Traditionally very few employers have tested their staff for illnesses and other physical conditions.  The exceptions would be forklift truck drivers, airline pilots and operators of machinery in the workplace who are tested for alcohol and other drugs as a Health & Safety measure although quite often on an exceptions basis rather than routinely.  In general, employers dispatch ailing employees to Occupational Health centres and wait for a report which only provides an indication on fitness to work.

So, health testing employees at work is outside of normal business parameters.  But COVID 19 is changing what we regard as normal.  An employer is now likely to want to test employees for symptoms of the virus to protect other workers and employees are likely to want those tests to safeguard themselves against infection.

In data protection terms, health data is special category data under the UK GDPR.  This means that the risk presented by holding this personal, sensitive data is higher than normal so there should be particular attention to its security, who has access to it and how long it is kept.

There are also additional requirements around establishing lawful grounds for processing special category data.  The relevant grounds are set out in Article 9:

  • Employment, social security and social protection grounds to protect employee health (b)
  • The wider Public health grounds (i) but only if there is a health professional involved in the testing and
  • Reasons for substantial public interest (g).

The condition Health or social care purposes (h) in my view would not cover blanket testing of employees.

Where the appropriate condition is Employment to protect employee health there is a requirement for an Appropriate Policy Document, a written policy on the use of special category data (required under Schedule 1 of the Data Protection Act 2018).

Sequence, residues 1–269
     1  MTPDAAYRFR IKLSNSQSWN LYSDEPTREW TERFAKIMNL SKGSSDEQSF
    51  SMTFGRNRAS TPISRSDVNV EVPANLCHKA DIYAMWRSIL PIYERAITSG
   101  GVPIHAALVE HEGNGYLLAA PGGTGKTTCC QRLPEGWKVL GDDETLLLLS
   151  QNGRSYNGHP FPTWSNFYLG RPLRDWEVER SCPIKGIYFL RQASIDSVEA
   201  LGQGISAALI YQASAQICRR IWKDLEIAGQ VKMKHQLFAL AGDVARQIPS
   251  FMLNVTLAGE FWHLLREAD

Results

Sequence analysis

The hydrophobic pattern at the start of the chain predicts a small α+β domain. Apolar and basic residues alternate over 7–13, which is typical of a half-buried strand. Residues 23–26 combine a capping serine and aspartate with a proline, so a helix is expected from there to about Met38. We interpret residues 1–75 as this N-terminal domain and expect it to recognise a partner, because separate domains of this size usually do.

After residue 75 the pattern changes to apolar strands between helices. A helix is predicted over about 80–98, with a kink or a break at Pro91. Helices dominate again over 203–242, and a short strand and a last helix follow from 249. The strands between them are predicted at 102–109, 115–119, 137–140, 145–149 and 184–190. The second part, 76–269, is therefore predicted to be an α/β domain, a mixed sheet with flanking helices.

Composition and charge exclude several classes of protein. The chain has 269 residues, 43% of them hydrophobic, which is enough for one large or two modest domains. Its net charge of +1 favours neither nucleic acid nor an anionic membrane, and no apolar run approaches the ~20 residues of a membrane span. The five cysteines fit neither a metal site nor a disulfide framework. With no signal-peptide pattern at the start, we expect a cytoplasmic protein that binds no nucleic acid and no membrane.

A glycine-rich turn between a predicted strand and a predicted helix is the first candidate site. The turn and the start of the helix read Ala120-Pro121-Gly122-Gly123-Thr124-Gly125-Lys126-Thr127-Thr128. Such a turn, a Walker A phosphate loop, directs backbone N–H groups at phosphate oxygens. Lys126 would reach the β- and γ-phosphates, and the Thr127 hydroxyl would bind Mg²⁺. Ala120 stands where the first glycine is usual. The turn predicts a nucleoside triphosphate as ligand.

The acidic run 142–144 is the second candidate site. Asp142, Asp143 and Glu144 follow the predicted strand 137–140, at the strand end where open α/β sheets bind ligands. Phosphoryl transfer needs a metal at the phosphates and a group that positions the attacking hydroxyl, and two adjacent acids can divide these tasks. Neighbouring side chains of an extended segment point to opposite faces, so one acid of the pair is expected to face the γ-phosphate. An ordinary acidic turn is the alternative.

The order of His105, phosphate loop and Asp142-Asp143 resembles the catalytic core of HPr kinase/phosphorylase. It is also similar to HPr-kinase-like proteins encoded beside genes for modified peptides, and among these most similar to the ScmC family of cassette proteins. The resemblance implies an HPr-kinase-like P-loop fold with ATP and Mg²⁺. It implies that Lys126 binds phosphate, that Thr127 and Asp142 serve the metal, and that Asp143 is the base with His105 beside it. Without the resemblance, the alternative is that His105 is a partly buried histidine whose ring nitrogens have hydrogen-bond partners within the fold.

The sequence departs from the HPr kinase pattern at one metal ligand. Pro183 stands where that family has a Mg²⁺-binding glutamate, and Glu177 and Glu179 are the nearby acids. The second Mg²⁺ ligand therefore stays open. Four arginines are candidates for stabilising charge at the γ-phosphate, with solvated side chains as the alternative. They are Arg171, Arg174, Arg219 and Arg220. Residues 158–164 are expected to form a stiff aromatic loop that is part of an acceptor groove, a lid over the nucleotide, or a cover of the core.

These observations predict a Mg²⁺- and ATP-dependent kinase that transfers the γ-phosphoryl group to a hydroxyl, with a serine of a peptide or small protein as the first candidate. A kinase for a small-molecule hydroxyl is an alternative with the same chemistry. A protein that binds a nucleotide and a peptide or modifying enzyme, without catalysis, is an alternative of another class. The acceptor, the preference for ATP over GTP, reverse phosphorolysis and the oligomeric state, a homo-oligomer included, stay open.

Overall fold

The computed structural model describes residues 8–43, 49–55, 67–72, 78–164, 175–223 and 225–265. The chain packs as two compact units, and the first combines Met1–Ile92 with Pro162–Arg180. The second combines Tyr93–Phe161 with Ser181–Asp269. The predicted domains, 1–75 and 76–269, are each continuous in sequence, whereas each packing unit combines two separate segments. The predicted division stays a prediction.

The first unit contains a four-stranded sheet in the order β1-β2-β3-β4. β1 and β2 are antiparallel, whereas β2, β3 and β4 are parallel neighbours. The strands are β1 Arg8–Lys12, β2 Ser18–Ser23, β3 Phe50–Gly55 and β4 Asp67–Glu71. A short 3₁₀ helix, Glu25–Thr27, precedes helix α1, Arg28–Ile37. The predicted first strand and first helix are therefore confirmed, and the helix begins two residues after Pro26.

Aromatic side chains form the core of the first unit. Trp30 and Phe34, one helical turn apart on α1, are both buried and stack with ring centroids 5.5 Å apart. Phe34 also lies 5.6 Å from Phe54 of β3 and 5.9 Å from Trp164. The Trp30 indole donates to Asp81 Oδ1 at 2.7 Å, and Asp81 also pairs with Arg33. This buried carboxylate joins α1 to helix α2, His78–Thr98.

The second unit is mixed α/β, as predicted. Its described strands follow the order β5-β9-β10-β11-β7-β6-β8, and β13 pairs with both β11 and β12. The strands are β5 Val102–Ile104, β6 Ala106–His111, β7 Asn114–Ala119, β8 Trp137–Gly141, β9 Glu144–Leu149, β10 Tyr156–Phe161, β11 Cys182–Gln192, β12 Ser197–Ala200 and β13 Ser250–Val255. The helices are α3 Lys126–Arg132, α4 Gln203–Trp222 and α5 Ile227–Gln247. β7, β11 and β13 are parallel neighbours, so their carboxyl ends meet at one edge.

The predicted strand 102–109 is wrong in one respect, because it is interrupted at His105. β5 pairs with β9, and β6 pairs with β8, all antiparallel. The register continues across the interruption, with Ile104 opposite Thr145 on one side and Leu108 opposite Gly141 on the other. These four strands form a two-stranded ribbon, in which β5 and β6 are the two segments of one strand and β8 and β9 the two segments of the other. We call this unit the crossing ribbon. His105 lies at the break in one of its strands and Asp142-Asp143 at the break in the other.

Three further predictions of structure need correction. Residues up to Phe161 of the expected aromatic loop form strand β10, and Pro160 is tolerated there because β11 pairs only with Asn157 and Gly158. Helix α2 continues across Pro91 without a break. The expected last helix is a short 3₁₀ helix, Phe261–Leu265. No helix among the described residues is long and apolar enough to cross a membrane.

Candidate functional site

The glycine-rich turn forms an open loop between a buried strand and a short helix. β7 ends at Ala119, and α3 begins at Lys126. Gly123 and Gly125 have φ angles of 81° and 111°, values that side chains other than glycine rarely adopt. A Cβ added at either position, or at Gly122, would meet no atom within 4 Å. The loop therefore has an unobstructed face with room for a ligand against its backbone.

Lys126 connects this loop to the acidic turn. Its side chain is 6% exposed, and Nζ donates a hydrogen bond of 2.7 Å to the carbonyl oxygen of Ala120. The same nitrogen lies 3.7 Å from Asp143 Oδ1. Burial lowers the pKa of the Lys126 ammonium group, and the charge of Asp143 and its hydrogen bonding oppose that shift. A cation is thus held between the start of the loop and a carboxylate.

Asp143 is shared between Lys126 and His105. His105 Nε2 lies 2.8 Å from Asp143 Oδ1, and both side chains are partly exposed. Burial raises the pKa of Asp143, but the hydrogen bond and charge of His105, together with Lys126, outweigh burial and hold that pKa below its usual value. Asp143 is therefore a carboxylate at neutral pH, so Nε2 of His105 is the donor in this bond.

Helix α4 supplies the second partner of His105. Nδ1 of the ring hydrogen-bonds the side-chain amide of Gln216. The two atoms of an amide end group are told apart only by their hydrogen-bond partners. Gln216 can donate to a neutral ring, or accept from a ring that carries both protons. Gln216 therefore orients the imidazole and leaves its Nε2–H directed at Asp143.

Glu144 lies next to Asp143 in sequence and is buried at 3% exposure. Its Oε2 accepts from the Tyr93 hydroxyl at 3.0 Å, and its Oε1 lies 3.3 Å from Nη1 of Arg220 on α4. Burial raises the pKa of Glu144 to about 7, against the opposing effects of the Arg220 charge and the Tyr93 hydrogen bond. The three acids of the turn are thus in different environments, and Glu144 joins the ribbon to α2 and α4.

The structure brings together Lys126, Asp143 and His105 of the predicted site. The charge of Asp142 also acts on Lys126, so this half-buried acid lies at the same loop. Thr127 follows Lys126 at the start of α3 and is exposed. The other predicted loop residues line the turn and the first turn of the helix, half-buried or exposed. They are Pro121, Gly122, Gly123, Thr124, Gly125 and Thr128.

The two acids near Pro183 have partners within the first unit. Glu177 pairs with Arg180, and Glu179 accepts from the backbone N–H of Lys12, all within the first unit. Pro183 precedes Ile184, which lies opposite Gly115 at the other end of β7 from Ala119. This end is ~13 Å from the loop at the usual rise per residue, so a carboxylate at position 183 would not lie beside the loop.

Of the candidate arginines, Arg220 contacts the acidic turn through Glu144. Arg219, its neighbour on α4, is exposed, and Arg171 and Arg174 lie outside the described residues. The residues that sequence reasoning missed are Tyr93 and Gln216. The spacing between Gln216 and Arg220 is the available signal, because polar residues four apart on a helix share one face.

What must the Policy Document specify?

The Policy Document must include details of the processing in each case:

  • who the data subjects are,
  • What personal data is being processed,
  • the purposes of the processing
  • the grounds for lawful processing relied upon


  • Procedures for securing compliance with the Data Protection Principles.  Cross reference existing procedures rather than copying them all in seems a simpler solution.
  • Procedures for reviewing requests for erasure of personal data as required by GDPR (again a cross reference will work best)
  • Details of how long the data will be retained.
  • A statement of how long the policy itself will be retained which must be at least six months after it is superseded.

Next steps

So, what steps should employers take if they want to introduce workplace testing for COVID 19 symptoms?

First step would be to carry out a DPIA data protection risk assessment to identify all the data protection issues and recommended solutions.  There are data protection considerations around the following:

  • informing employees about the testing
  • whether the testing is optional (ie with consent) or mandatory
  • who is carrying out the tests
  • how test results are recorded
  • how long the test results will be retained
  • who will have access to the test results
  • how the test results will be secured
  • counselling and next steps for those who test positive
  • how colleagues are informed that one of their team has tested positive and the safeguarding of the infected person’s personal data.

If you would like assistance carrying out the DPIA data protection risk assessment or finding appropriate policy documents on Monitoring at Work, we can help.  We offer tailored support services on retainer and a do-it-yourself option with our DP-Smart Toolkit reference manual including template policies, procedures, contract wording and more.  Contact us to find out more.  Link:

Mandy P Webster, Data Protection Consultant